Zika - Numerous Battlefronts/Investment Opportunities

by: Henry Miles


Every week the seriousness and spread of Zika becomes more alarming.

New structures and more funding are required to fight it and other tropical diseases.

Investors would be well-advised to keep an eye on these developments.

The Migration North

Two months ago, I pointed to the financial imperative arising from the migration of tropical diseases. Ebola, Dengue Fever, and the Chikungunya and Zika viruses have been known for years. However, it has only been relatively recently that they began their march west and north.

Zika is transmitted by Aedes mosquitoes and through human sexual contact. In adults, the disease may lead to Guillain-Barre syndrome and paralysis; infected pregnant women can give birth to children with head deformities and severe, heart-breaking, brain damage called microcephaly.

International and national health agencies are alarmed by the seriousness and spread of Zika. In the Americas, the disease is now actively transmitted in 38 countries and territories. Although the disease has so far only reached the US through travelers, the Aedes mosquito is native to southern states. Scientists are concerned that summer weather may spread the disease up the eastern seaboard and across the gulf states. By way of perspective, Zika was unknown in Puerto Rico in December. Within 2 months, by February, the island's public health officials declared the disease an emergency. By the end of this year, they project that it could infect 20% of the Puerto Rico's population.

Six Categories of Defense

Let's call it six general categories of defense against Zika: 1) Clothing and repellents, 2) Insecticides and larvicides, 3) Abstinence or condoms, 4) Mosquito sterilization, 5) Genetically-altered mosquitoes, and 6) Vaccines. Everyone knows that a quick way to keep from being bitten by bugs is to cover and goop up. From what I hear, DEET is flying off the shelves as kids and families head south on Spring Break. The chemical has been manufactured for 50 years and is widely distributed. DEET is recommended but offers only temporary protection against pervasive air-borne vectors.

Insecticides and larvicides are finding wide usage in population centers and resorts; we've all seen the images of suited-up men with masks and foggers. However, they are considered to be only moderately effective because breeding grounds are often hard to find and mosquitoes have apparently developed resistance to some / many chemicals. For those interested, BASF (OTCQX:BASFY), Bayer (OTCPK:BAYRY), Dow (NYSE:DOW), DuPont (NYSE:DD), Monsanto (NYSE:MON), and Syngenta (NYSE:SYT) and are among the largest insecticide manufacturers.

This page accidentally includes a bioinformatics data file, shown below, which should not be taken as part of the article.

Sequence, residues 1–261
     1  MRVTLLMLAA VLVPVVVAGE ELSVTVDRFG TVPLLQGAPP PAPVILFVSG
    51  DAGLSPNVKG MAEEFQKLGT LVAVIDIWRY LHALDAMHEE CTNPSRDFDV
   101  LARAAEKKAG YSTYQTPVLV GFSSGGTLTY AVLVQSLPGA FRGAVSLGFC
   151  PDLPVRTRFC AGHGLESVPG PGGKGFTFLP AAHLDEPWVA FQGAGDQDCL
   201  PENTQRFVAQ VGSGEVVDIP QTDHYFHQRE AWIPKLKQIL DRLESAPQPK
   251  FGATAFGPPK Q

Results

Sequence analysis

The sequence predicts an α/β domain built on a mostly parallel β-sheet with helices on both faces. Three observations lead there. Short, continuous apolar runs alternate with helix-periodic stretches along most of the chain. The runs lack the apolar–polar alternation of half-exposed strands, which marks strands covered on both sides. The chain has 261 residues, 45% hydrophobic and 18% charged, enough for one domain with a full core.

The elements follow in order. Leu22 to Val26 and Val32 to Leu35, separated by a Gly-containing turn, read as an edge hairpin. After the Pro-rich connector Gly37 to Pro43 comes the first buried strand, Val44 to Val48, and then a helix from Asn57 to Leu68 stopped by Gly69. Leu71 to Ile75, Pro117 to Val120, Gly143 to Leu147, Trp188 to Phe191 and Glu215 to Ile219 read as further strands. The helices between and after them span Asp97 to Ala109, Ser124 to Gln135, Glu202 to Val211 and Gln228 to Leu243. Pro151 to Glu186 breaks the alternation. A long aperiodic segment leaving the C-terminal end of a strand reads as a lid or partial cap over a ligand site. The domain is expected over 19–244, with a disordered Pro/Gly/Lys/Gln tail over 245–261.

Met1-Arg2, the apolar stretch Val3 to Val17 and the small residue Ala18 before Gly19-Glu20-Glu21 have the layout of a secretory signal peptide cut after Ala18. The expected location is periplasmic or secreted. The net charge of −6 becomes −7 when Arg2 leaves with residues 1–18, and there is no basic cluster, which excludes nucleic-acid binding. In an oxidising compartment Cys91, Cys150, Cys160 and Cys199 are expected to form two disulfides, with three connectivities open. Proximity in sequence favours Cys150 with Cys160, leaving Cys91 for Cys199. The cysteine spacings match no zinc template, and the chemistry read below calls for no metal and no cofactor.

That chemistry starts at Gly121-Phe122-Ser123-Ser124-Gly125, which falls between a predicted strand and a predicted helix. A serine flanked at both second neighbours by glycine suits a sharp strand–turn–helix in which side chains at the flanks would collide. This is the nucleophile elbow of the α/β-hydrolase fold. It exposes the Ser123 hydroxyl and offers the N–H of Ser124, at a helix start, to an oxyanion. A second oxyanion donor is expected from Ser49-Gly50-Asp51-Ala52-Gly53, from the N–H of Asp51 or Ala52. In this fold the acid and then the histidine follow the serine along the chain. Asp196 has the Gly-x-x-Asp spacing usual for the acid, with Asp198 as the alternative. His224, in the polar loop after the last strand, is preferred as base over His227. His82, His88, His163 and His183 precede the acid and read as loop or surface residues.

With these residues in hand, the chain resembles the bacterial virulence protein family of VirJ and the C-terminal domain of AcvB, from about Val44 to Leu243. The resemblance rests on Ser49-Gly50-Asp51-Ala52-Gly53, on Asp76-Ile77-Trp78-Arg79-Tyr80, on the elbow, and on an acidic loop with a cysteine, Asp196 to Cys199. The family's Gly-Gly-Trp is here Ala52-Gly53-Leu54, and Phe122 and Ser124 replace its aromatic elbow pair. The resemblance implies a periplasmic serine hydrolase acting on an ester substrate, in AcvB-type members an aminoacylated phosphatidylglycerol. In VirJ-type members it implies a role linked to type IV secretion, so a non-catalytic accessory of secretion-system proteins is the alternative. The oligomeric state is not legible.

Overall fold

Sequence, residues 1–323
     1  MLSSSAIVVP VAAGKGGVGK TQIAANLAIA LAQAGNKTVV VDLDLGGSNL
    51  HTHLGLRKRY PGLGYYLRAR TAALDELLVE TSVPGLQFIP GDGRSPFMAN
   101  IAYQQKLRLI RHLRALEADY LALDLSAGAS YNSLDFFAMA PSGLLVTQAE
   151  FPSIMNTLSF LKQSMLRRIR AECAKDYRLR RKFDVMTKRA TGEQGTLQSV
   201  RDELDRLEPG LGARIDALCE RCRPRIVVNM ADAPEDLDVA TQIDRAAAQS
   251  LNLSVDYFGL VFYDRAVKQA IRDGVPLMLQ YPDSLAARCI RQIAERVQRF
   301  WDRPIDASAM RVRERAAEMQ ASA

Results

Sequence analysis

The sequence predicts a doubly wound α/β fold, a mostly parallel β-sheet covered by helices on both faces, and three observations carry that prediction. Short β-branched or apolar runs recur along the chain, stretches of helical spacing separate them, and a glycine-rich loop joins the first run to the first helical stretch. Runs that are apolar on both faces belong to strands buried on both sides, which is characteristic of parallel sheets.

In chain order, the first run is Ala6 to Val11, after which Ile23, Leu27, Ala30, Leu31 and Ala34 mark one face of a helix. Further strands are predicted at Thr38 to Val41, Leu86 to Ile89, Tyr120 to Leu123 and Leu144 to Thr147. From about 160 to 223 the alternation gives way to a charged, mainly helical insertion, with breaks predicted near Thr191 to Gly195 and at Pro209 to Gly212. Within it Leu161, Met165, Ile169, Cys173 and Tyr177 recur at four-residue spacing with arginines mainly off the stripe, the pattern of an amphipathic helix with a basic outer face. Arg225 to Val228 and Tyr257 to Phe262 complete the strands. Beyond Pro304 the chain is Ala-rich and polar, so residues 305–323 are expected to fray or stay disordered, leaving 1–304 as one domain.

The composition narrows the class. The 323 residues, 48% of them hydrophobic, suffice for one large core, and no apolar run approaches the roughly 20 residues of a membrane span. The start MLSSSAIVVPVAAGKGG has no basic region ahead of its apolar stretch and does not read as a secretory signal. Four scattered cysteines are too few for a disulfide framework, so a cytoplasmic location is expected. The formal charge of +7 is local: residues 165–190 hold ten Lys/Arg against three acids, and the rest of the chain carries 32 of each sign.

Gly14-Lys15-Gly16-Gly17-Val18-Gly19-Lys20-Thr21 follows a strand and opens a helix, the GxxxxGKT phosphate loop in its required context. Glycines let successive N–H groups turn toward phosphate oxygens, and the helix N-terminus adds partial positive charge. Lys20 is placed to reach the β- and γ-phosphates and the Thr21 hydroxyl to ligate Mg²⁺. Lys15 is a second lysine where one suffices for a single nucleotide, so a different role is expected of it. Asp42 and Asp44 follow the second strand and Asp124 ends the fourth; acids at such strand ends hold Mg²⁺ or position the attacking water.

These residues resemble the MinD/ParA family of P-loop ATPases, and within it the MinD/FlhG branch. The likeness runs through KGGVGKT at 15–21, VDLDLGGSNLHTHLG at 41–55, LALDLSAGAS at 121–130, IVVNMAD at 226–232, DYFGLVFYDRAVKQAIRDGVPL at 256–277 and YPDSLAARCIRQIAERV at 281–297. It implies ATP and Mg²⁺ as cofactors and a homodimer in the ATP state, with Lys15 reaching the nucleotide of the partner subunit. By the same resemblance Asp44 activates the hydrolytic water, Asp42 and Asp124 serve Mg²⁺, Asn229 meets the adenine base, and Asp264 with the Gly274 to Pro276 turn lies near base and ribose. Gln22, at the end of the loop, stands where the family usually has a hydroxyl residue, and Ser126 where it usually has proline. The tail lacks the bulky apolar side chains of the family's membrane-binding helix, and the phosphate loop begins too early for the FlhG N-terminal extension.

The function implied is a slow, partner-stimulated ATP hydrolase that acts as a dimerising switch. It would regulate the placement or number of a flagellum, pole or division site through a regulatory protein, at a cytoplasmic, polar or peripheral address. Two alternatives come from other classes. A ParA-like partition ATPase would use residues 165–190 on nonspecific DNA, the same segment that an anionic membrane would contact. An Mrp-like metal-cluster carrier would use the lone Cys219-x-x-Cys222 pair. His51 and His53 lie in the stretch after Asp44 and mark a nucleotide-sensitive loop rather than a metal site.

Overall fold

Condoms are probably more realistic than abstinence and they have been used effectively to control other sexually-transmitted diseases of which we are all aware. Therein lies the issue - these solutions only protect against diseases that are sexually-transmitted, they do nothing to stop transmission via the virus' primary means, mosquitoes. For those who may not know Church & Dwight (NYSE:CHD) other than through their branded products such as Arm & Hammer and OxiClean, the company is the largest manufacturer of condoms in the US leading with their Trojan brand. I believe that British firm Reckitt Benckiser (OTCPK:RBGLY) is the largest such manufacturer globally through their Durex brand.

Mosquito sterilization is often referred to as the "Sterile Insect Technique" aka "SIT". In this procedure, male mosquitoes are exposed to radiation rendering them infertile, the idea being that the population will eventually implode. According to Joe Ballenger, entomologist, the technique has been around for a half a century and has found some success combating Screwworms, and Tsetse and Mediterranean Fruit flies. That said, as I understand it, radiation frequently kills male mosquitoes and the infertile ones that survive may not be as attractive to females. Without the 'multiplier effect' from failed breeding, the effectiveness of SIT is diminished, perhaps substantially. Brazil is reported to be preparing to irradiate mosquitoes. I am unclear as to whether the technology to do so will be provided through the Canadian firm, Nordion now owned by Sterigenics International (private), or by the International Atomic Energy Agency.

With "Genetically Modified Organisms" or "GMO" mosquitoes, the DNA of male mosquitoes is changed such that they will live to produce offspring that die before reaching adulthood. The GMO technique has been piloted in Brazil and elsewhere resulting in the reduction of Aedes mosquito populations by 80 - 90%. Intrexon (NYSE:XON), through its Oxitec subsidiary, has established a leadership position in GMO mosquitoes.

Finally, vaccines have been effectively deployed to control many diseases including Anthrax, Cholera, Diphtheria, Measles, Mumps, Pertussis, Polio, Rabies, Rubella, Small Pox, Tetanus, and Yellow Fever. The rap on safe vaccines is that they take years to develop and test. However, by leveraging institutional know-how / learning curves and through new development techniques, firms may be able to introduce safe vaccines faster. The major vaccine manufacturers include GlaxoSmithKline (NYSE:GSK), Merck (NYSE:MRK), Pfizer (NYSE:PFE), and Sanofi (NYSE:SNY).